Sunday, October 19, 2008

Inter-Generational IS Cross-Cultural

While teaching missions in APTS, I have been developing a model for missions that includes more than just the traditional "horizontal" and "synchronic" understanding. We often think of missions in terms of how "far" and "wide" we can spread the Gospel. We also talk about being responsible for reaching only our generation. That limits our vision of missions in spatial terms. What about the "vertical" side of missions? How about thinking of missions beyond the "foreign" and "home" missions categories? Can we not talk about missions in "diachronic," "inter-generational" terms?

I think we must give serious thought to reaching the next generation for the Lord. Youth ministry should not be merely a department in the church to be handled by a younger minister. It should be a crucial missionary enterprise for the church. In fact, every parent in church should be taught to think of himself/herself as a missionary, reaching into an unfamiliar culture (which is what youth culture is to many of us!!). Just as a missionary needs to be trained to contextualize for the target culture, we all need to contextualize to reach the next generation - raising godly off-springs for the Lord.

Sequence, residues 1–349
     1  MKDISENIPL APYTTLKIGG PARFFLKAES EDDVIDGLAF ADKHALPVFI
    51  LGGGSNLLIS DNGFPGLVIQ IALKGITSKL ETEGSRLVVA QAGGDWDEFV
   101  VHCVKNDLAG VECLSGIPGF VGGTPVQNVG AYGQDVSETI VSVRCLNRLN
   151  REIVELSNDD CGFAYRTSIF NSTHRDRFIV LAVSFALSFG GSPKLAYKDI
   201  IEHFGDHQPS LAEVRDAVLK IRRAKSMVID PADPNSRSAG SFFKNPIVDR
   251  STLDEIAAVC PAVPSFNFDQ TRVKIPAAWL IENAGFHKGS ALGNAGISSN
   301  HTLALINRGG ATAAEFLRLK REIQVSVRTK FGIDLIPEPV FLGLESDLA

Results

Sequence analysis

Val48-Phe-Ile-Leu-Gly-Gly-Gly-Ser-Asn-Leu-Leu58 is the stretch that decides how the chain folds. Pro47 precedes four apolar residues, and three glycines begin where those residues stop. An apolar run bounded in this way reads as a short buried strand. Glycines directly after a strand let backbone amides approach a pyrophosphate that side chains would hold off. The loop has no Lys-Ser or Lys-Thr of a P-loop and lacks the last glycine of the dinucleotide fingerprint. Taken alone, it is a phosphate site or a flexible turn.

Monday, October 13, 2008

China, Theological Education & Missions

Watching the opening and closing ceremonies of the Beijing Olympics, I cannot help but think about China as a world superpower. I kept suggesting to people that they should think about moving to China - not so much because of the immense wealth that will keep building up over the next few decades there but more because of the potential China has in terms of

For years, we have been treating China only as a mission field where we send laborers TO. The time has come for us to think of China as a place where we can send laborers FROM. To truly make the transition from being a missions receiving nation to a missions sending nation, the Chinese church needs to have a new missions mindset. This new missions mindset needs to be supported by a corresponding education infrastructure as well. In the past, the “training centers” in China were developing workers to evangelise mainland China but they now need to
develop missionaries that can function effectively in cross-cultural settings. To do that, they will need the partnership of the Church outside China.

We want to be bridge-builders to help establish the networking for this new infrastructure to take place. Our roles as Malaysian Chinese missionaries to APTS will be very helpful for that. Being our partner, you are also partnering with the Chinese Church.